During later colonial times the site of the future settlement gained military importance because of its deep harbor and its strategic location near the northern boundary of Spanish Florida. On January 1, 1811, the town of Fernandina, which was about a mile from the present city, was named in honor of King Ferdinand VII of Spain by the governor of the Spanish province of East Florida, Enrique White. On May 10, 1811, Fernandina was the last town platted under the Laws of the Indies in the Western hemisphere and was intended as a bulwark against U.S. territorial expansion. In the following years it was captured and recaptured by a succession of renegades and privateers. Located at the northeasternmost part of Florida, Fernandina was a busy seaport enhanced greatly by the completion of the Florida Railroad in March of 1861, connecting it with Cedar Key on the Gulf of Mexico. The rail route was restored after the Civil War and completed in 1868, leaving us with a rich heritage of bank notes, engraved by the American Bank Note Company, to enjoy now.
The Bank of Fernandina’s charter was approved on January 15, 1859. Notes were engraved by the American Bank Note Co. and signed by George S. Roux, cashier and A.H. Cole as president. When Union forces captured Fernandina, the bank was forced to move to Starke. Notes are considered to be Florida’s most colorful produced with side panels overprinted in bold red ink.
The Bank of Commerce was approved on Feb. 14, 1861. Notes were engravd by Danforth, Wright & Co. New York & Philadelphia. Printed with elaborate brown overprints and blue serial numbers with plain backs or with portions of Florida 1863 notes.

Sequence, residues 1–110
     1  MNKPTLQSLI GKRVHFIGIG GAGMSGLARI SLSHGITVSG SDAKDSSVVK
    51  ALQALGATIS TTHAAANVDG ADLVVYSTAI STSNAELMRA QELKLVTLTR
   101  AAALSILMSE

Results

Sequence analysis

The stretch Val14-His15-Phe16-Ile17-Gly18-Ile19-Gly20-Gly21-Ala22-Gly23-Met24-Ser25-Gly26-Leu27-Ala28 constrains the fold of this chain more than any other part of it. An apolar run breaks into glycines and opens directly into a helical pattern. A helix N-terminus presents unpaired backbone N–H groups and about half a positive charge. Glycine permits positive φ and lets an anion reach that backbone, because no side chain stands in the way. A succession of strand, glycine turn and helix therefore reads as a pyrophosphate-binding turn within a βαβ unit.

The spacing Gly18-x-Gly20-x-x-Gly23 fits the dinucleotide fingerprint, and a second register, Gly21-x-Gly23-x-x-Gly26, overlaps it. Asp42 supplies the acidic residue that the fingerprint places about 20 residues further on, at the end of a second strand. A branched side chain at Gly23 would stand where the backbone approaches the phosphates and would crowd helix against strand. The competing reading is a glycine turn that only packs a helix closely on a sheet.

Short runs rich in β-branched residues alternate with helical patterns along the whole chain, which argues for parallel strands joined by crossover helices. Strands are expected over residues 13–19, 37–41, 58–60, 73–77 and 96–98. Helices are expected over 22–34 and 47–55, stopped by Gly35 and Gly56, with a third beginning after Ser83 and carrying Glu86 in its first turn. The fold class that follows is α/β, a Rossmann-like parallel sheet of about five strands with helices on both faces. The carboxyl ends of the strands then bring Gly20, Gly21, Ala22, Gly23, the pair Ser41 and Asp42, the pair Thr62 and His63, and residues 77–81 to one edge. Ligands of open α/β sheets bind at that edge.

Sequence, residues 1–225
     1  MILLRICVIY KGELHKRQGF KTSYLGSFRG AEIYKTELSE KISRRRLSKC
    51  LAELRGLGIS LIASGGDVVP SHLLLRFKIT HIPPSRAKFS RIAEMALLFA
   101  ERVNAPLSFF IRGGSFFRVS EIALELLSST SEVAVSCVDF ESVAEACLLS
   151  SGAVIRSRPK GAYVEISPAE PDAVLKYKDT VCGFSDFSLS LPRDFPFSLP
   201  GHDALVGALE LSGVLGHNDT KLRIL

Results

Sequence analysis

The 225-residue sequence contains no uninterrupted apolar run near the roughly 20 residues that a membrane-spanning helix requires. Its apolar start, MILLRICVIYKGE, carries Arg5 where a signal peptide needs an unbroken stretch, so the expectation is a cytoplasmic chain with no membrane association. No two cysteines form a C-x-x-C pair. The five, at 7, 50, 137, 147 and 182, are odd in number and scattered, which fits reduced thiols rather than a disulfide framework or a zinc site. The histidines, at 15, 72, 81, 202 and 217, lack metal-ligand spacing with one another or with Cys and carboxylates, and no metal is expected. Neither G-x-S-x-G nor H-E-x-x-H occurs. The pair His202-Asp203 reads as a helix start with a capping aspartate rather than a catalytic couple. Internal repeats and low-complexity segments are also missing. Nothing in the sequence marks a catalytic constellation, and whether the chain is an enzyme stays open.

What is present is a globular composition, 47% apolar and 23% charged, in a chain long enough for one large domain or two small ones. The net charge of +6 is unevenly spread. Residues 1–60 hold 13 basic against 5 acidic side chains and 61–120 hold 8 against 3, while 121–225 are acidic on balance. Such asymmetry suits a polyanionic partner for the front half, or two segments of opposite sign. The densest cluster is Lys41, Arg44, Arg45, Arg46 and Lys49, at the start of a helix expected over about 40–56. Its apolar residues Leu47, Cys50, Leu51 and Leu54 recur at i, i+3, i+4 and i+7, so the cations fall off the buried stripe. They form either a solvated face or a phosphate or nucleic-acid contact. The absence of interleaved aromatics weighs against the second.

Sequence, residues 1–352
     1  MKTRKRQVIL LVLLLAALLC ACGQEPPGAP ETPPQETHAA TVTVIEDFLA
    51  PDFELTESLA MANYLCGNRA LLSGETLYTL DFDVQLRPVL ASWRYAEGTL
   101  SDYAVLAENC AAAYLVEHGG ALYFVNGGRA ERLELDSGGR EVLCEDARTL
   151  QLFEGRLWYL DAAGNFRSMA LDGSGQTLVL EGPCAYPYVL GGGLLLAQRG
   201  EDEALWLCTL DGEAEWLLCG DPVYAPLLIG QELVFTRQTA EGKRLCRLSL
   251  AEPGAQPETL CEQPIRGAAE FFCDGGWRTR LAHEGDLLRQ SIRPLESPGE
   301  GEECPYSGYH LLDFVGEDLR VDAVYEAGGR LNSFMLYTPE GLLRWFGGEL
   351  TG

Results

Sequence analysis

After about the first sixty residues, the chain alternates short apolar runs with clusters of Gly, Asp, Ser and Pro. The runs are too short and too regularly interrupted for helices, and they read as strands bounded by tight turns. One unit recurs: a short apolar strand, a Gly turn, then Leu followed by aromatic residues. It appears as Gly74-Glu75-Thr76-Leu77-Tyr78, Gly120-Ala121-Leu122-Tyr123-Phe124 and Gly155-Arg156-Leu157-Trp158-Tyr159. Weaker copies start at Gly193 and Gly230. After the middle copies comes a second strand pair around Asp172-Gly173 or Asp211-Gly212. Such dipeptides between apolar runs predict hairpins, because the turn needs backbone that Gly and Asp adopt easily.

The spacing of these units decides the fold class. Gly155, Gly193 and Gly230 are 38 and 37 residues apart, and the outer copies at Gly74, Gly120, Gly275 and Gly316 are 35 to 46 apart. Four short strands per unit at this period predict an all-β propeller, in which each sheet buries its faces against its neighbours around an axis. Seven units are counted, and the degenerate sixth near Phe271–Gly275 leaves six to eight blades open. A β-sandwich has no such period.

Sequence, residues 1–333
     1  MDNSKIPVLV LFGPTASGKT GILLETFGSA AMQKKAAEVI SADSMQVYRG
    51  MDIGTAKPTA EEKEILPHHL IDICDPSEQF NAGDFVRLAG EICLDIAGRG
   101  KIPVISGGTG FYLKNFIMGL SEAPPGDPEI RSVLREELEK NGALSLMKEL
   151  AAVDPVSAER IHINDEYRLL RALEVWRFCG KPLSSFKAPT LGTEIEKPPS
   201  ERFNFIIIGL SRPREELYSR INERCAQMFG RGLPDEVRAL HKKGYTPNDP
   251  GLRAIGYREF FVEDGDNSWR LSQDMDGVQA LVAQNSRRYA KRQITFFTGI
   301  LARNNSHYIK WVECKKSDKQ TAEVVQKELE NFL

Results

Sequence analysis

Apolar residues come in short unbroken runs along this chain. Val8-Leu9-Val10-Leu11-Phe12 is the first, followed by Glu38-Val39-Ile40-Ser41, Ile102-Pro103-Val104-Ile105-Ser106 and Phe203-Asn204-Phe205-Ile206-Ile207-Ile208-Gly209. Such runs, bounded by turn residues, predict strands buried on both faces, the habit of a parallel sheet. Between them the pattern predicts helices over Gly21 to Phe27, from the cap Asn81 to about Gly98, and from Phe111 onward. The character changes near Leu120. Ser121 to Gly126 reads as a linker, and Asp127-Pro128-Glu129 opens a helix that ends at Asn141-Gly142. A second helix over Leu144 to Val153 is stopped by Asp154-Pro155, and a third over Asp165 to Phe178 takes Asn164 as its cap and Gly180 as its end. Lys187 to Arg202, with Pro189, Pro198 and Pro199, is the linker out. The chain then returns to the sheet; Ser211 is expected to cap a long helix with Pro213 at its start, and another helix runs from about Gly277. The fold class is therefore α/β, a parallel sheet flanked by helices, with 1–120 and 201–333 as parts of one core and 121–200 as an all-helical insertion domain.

The Florida Railroad Co. was incorporated in 1853 with David Levy Yulee, Florida’s first U.S. Senator, as president. Construction began in 1855, with tracks that would connect Cedar Key on the Gulf Coast with Fernandina on the Atlantic coast and was completed on March 1, 1861. Operations were quickly interrupted with the outbreak of the Civil War. In 1868, new owners would restore the railroad producing beautiful new bank notes which are prized by collectors today.
First National Bank of Fernandina received its charter on April 25, 1891 with $50,000 capital. The bank was bought by the DuPont chain of Florida banks and changed the name in 1948 to the Florida First National Bank at Fernandina Beach. Currently there are 20 large and 25 small size notes known on this charter.
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- Florida Currency Museum Open Showcasing The William Youngerman Collection
- State of Florida Civil War Currency
- Recent Acquisitions
- Mr. and Mrs. Youngerman attend the inagural “The Value of Money” exhibit
Notes & Currency
- 18__ Fernandina $3 Obsolete Note
- 1882 $50 Jacksonville Note Charter #3869
- 1902 $10 Punta Gorda Note Charter #10512
- 1882 $5 Palatka Note Charter #3223
- 1902 $5 Key West Note Charter #7942